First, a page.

This is the euro area; 19 countries are involved, and four institutions. There are some problems, but one should even that not over-interpret, because Greece is now in the middle of its third adjustment programme. We, the European Stability Mechanism, have already disbursed €31 billion in the context of this third current programme. Out of the [maximum amount of] €86 billion, we’ve disbursed €31 billion, so there has been progress. Now we are indeed not agreeing on everything among institutions with the Greek government, but one should not ignore that they have come a long way.
We were talking about the Greece bailout and whether the IMF is going to bow out or participate. Of course, it’s been a condition of the Germans that the IMF must be involved, but we heard also from the finance minister Wolfgang Schäuble that there must be an alternative if the IMF decides to back down or bow out. What would that mean for the European institutions that must then take it on themselves?
This in a way is a plan B. You’re absolutely right, we have worked with the IMF through this crisis, which means for the last six years. We did it very successfully in a number of other cases, like Ireland, Portugal, Cyprus, where ESM money and IMF money went in parallel. And the IMF was there for the first two Greek packages. Now we are in the third one, we have no agreement yet with the IMF, we would like them to participate, because that’s our setup, and I would very much prefer that this institutional setup, that was agreed at the beginning of the crisis, would continue until we bring this crisis to an end.
Do you think the fact that it’s an election year in Germany, there would need to be approval from the Bundestag for any changes, and also, as Mr Schäuble said, to give more enforcement teeth to the institutions such as yours?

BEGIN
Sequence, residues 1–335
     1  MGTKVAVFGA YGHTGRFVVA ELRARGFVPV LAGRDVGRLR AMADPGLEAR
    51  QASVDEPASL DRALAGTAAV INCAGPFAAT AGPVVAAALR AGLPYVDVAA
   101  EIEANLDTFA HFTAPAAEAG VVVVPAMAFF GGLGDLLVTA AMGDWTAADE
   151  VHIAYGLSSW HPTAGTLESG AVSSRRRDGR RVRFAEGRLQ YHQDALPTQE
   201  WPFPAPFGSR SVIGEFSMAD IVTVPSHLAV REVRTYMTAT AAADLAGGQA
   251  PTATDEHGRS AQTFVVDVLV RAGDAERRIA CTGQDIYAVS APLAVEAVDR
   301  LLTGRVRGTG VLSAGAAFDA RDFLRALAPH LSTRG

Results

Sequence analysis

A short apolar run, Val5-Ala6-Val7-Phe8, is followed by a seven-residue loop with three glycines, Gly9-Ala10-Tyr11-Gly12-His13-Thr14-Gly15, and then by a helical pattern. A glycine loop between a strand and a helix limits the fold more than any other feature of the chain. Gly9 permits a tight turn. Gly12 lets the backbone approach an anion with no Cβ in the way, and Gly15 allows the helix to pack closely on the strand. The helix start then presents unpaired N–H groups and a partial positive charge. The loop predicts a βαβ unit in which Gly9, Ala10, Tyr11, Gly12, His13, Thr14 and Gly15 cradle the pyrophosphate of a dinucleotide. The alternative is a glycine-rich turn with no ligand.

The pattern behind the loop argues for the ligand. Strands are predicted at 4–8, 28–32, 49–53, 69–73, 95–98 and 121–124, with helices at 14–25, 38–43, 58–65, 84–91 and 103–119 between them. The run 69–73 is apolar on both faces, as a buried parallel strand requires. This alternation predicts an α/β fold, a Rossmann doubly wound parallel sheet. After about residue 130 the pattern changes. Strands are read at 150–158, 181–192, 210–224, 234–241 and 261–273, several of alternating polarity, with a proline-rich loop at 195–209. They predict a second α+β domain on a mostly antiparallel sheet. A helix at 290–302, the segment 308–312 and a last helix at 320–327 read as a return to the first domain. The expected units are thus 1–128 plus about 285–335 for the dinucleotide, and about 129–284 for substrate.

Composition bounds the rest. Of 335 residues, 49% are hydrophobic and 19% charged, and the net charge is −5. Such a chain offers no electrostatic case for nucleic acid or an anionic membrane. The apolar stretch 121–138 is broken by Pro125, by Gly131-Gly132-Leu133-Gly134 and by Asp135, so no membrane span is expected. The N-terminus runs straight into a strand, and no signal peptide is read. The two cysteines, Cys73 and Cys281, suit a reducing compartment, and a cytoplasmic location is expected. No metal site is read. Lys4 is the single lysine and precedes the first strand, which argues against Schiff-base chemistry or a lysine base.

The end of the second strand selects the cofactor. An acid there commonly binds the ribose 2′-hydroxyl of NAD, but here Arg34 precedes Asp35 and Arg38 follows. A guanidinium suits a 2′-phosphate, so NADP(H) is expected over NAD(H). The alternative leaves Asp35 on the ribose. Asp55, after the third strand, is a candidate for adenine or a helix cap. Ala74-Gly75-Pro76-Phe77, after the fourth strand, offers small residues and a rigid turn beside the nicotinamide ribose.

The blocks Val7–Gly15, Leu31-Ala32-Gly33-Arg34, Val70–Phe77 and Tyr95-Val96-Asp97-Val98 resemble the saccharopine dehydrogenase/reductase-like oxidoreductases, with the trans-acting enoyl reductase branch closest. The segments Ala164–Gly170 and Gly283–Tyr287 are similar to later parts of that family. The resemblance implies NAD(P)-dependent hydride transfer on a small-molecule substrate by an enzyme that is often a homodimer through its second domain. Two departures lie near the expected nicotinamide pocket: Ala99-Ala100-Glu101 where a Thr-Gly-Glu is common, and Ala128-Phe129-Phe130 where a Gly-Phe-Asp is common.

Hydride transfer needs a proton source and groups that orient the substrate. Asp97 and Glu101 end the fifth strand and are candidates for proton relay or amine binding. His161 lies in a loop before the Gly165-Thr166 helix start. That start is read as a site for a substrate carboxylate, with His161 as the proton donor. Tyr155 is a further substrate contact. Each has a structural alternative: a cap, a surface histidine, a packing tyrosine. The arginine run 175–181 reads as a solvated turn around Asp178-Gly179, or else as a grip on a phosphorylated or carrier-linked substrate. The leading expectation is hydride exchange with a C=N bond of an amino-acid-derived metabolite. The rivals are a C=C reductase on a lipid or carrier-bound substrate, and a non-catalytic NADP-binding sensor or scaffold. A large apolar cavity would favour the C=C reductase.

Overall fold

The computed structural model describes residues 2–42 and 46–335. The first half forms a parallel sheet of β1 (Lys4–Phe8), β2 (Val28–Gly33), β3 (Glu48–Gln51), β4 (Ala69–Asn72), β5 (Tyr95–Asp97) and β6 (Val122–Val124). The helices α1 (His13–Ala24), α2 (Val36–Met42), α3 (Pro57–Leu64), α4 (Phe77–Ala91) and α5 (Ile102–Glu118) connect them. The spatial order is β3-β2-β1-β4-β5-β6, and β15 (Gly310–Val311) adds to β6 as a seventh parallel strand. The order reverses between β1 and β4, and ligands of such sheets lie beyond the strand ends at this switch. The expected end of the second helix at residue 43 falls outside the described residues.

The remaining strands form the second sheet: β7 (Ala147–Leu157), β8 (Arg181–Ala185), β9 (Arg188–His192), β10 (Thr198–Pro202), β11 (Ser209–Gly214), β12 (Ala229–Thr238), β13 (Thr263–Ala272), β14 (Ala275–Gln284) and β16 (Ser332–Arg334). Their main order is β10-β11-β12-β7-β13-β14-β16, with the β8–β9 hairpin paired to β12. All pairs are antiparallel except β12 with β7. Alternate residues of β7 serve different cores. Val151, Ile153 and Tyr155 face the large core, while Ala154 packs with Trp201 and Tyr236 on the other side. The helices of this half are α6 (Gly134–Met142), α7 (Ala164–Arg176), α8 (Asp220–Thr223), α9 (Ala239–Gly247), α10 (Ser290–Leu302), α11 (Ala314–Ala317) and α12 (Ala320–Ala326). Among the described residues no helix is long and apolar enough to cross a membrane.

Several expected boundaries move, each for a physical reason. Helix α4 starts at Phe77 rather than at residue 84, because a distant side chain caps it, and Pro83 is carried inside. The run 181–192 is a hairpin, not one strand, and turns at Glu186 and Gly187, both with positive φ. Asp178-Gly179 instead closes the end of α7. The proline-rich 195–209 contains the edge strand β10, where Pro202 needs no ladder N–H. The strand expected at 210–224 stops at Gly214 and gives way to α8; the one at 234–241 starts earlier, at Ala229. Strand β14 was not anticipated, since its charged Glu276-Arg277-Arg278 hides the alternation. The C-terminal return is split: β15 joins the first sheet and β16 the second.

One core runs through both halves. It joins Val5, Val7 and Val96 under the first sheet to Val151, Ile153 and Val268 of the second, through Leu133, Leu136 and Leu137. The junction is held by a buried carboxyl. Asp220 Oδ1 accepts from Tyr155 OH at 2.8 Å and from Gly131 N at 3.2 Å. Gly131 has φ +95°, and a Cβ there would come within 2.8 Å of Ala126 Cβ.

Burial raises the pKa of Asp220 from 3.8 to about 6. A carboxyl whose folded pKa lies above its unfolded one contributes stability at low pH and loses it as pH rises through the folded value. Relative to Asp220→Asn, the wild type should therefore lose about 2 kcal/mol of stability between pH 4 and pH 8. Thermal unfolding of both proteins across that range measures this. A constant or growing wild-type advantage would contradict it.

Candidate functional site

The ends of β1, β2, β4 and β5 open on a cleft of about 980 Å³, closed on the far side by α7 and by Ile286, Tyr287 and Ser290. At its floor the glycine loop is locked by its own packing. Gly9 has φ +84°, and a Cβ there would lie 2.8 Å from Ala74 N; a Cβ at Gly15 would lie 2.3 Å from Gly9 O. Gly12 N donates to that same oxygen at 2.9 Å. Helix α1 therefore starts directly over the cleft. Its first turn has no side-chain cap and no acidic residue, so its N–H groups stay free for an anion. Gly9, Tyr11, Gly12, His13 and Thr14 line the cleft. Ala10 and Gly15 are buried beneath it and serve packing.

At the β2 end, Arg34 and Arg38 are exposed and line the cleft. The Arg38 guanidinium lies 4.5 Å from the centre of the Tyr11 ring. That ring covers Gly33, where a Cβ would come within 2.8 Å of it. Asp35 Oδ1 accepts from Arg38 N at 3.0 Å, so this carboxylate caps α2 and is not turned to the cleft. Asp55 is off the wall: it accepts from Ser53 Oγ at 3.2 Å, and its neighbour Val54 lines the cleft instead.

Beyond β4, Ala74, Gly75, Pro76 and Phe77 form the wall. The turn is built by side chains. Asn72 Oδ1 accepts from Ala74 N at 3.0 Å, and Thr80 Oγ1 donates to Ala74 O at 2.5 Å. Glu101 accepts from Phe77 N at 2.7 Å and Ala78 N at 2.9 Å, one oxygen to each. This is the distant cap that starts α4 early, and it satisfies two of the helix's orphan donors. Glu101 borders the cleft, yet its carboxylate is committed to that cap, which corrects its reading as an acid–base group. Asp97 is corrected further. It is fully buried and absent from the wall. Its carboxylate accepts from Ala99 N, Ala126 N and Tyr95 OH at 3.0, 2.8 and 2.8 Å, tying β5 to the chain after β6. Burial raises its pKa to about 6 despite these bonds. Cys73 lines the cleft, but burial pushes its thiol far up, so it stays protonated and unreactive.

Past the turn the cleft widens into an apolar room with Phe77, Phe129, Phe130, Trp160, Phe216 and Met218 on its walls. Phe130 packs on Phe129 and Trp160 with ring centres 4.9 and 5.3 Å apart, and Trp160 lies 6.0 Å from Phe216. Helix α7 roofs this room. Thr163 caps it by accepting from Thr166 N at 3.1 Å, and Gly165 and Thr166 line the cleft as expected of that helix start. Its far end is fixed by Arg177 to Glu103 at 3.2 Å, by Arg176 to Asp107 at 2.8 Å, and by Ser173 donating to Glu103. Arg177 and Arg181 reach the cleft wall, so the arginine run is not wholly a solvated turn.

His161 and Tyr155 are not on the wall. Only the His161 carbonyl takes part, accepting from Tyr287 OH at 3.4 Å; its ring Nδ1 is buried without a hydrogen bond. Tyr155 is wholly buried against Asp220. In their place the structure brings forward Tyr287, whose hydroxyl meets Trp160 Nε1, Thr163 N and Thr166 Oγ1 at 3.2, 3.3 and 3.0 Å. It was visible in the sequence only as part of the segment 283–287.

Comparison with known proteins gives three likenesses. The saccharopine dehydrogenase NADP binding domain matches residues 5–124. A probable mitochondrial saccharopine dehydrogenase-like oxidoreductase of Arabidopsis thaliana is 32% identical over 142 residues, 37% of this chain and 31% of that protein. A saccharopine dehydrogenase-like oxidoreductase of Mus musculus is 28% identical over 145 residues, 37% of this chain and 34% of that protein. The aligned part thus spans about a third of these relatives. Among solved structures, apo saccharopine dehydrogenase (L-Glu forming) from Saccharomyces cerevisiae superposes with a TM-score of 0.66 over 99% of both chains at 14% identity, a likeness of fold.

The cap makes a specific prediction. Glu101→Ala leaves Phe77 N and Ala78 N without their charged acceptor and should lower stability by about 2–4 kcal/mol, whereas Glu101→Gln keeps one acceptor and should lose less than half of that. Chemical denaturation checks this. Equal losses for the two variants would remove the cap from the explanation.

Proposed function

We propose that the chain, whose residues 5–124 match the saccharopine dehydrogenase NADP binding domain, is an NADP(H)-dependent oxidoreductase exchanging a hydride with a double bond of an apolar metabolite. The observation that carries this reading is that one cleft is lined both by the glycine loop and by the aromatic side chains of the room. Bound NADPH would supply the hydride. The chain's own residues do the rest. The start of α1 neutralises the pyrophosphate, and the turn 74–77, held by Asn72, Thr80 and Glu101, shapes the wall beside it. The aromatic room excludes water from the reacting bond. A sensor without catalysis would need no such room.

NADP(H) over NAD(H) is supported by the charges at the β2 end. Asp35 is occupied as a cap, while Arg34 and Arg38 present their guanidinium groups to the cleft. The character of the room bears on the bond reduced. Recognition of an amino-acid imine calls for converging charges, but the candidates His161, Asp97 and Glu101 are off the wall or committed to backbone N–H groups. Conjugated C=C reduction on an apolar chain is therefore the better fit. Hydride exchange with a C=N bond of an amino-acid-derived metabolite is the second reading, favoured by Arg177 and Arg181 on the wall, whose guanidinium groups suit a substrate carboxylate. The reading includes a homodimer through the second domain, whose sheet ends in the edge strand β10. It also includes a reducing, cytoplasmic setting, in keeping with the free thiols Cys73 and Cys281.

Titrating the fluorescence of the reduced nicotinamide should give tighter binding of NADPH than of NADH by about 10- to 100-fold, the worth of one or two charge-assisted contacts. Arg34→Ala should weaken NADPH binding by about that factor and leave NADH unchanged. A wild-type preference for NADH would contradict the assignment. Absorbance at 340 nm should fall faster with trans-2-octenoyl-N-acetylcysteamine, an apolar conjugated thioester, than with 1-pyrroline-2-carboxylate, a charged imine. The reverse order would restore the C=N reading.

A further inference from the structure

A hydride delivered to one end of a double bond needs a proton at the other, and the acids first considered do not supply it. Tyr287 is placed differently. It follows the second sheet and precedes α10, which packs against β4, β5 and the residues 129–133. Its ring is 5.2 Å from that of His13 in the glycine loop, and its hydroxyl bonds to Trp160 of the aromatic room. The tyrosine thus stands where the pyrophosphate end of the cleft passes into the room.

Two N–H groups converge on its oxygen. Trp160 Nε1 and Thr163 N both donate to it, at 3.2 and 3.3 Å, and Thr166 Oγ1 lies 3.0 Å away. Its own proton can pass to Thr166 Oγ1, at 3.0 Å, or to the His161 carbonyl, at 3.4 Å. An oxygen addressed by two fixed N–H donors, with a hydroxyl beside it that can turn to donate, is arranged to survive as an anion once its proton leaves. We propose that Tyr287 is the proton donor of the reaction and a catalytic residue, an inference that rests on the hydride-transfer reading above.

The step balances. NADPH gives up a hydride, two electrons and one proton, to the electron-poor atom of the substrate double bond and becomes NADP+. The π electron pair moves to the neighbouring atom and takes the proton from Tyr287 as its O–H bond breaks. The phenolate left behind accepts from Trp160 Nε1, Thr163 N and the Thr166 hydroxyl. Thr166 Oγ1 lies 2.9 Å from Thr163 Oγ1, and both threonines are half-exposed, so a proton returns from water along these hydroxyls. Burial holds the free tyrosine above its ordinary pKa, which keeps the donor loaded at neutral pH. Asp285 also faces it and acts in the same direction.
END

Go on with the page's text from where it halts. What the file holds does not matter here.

If there’s a fundamental change in the programme, and to continue without the IMF would be a fundamental change, in the German situation that requires the vote of the Bundestag.
I know in October you said that you don’t see Greece facing a debt problem for at least a decade. Yet one of the preconditions from the IMF is a cut?
That’s one of the disagreements we have. Indeed the debt level in terms of GDP is relatively high for Greece, but the actual debt service payments are low, because Greece already received a lot of debt relief a few years ago. That’s why they have for the next decade or so no real debt servicing problem, and that’s why the Europeans have taken the view that it’s good to have a commitment from the European partners that we do more when it is needed. While the IMF – much in line with its traditional framework – wants to take decisions earlier. And that’s part of the disagreement we have not been able to solve.
When do you expect to unfreeze the short-term debt relief measures that were approved in December but then put on hold?
They have been unfrozen; they were blocked for a while when Greece decided to have extra pension payments. But that problem has been sorted out. So we at the ESM in this month, in January 2017 are starting to implement these short-term measures. Some can be done immediately or quickly; others need time – probably until the rest of the year to be fully implemented. To start doing that we need a few legally important decisions from our Board of Directors, but I expect that to happen in the next few days, and then we will do it in 2017.
Final question – I know it’s across the pond, but Trump is inaugurated this Friday. How does this uncertainty play into what’s happening in Europe?
It’s a global uncertainty; I see globally this kind of backlash against globalisation, against cross-border cooperation. The Brexit vote I think was also in that mode. As an economist, I’m worried about that, because I see very clearly that trade, cross-border cooperation has helped tremendously to create today’s prosperity over the last few decades, and to move backwards on that I think is not good for the economy or for anybody.